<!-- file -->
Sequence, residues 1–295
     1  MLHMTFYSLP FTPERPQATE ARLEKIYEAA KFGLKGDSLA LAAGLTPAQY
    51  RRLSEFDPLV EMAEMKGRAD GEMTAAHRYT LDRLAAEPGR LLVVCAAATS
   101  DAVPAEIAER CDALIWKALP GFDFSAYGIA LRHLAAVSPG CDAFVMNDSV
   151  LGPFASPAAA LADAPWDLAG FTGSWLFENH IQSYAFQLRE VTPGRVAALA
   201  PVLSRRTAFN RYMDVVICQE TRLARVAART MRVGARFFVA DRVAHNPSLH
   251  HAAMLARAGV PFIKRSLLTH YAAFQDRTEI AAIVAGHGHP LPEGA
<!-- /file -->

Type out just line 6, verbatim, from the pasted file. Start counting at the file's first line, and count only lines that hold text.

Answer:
   201  PVLSRRTAFN RYMDVVICQE TRLARVAART MRVGARFFVA DRVAHNPSLH